Recent Updates

  • Updated on: Nov 03, 2015

    Creating a command

    Commands are classes you create that provide behaviors or actions for your subsystems. The subsystem class should set the operation of the subsystem, like MoveElevator to start the elevator moving, or ElevatorToSetPoint to set the elevator's PID setpoint. The commands initiate the subsystem operation and keep track of when it is finished.

    Manual RobotBuilder
  • Updated on: Nov 03, 2015

    Creating a subsystem

    Subsystems are classes that encapsulate (or contain) all the data and code that make a subsystem on your robot operate. The first step in creating a robot program with the RobotBuilder is to identify and create all the subsystems on the robot. Examples of subsystems are grippers, ball collectors, the drive base, elevators, arms, etc. Each subsystem contains all the sensors and actuators that are used to make it work. For example, an elevator might have a Jaguar speed controller and a potentiometer to provide feedback of the robot position.

    Manual RobotBuilder
  • Updated on: Aug 11, 2015

    The RobotBuilder user interface

    Manual RobotBuilder
  • Updated on: Jun 03, 2015

    Using limit switches to control behavior

    Limit switches are often used to control mechanisms on robots. While limit switches are simple to use, they only can sense a single position of a moving part. This makes them ideal for ensuring that movement doesn't exceed some limit but not so good at controlling the speed of the movement as it approaches the limit. For example, a rotational shoulder joint on a robot arm would best be controlled using a potentiometer or an absolute encoder, the limit switch could make sure that if the potentiometer ever failed, the limit switch would stop the robot from going to far and causing damage.

  • Updated on: Jun 03, 2015

    Synchronizing two commands

    Commands can be nested inside of command groups to create more complex commands. The simpler commands can be added to the command groups to either run sequentially (each command finishing before the next starts) or in parallel (the command is scheduled, and the next command is immediately scheduled also). Occasionally there are times where you want to make sure that two parallel command complete before moving onto the next command. This article describes how to do that.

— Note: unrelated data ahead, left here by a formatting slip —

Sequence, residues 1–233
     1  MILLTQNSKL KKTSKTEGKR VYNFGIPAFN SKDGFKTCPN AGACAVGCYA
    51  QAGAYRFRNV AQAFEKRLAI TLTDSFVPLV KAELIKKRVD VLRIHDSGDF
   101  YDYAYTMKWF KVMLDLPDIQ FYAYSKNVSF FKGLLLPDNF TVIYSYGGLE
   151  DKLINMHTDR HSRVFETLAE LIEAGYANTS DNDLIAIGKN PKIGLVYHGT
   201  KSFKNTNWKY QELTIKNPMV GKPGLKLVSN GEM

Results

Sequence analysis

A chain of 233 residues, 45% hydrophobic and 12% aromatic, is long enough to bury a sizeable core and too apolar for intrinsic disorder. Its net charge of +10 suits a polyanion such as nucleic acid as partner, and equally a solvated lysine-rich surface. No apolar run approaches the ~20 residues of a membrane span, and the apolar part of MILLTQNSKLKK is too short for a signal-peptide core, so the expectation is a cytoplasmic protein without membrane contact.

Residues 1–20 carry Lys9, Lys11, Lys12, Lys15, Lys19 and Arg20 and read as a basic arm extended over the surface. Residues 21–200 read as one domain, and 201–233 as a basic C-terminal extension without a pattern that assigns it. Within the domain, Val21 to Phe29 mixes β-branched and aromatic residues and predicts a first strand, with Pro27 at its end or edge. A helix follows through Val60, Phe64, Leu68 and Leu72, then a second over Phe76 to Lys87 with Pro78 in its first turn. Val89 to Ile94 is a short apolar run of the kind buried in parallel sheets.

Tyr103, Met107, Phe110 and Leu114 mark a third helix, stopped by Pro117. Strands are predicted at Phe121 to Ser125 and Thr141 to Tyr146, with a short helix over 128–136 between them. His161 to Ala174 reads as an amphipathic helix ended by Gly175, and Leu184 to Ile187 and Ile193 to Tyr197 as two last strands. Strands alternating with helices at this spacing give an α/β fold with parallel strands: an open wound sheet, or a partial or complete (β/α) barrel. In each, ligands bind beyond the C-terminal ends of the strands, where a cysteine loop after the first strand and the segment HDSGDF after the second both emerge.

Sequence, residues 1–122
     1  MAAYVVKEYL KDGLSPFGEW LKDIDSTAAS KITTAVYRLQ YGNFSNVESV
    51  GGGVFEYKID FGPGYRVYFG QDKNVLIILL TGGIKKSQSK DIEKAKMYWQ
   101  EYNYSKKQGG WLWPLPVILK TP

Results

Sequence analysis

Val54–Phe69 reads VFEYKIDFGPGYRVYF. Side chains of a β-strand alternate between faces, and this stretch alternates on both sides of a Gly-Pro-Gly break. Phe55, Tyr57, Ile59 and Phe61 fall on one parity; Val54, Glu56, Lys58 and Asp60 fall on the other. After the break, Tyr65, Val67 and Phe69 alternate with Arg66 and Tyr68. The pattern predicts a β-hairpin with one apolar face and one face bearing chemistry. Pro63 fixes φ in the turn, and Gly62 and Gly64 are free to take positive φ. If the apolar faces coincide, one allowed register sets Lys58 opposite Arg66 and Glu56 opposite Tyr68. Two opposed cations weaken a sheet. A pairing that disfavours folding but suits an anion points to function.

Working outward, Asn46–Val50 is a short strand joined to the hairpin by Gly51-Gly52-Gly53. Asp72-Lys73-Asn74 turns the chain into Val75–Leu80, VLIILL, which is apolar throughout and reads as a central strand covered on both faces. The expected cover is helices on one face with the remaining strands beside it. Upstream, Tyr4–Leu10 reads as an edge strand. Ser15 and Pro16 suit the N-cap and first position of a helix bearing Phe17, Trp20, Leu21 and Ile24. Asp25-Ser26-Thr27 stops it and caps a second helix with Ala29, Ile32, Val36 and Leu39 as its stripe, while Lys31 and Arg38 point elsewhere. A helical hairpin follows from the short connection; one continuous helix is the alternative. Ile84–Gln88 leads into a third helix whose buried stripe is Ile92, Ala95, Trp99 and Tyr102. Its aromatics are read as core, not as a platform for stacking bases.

• Updated on: Jun 03, 2015

    Default Commands

    In some cases you may have a subsystem which you want to always be running a command no matter what. So what do you do when the command you are currently running ends? That's where default commands come in.

  • This document describes how to rewrite a simple autonomous into a command based autonomous. Hopefully, going through this process will help those more familiar with the older simple autonomous method understand the command based method better. By re-writing it as a command based program, there are several benefits in terms of testing and reuse. For this example, all of the logic is abstracted out into functions primarily so that the focus of this example can be on the structure.

  • Updated on: Jun 03, 2015

    Running commands on Joystick input

    You can cause commands to run when joystick buttons are pressed, released, or continuously while the button is held down. This is extremely easy to do only requiring a few lines of code.

  • Updated on: Jun 03, 2015

    Creating Simple Commands

    This article describes the basic format of a Command and walks through an example of creating a command to drive your robot with Joysticks.

  • Ultrasonic sensors are a common way to find the distance from a robot to the nearest surface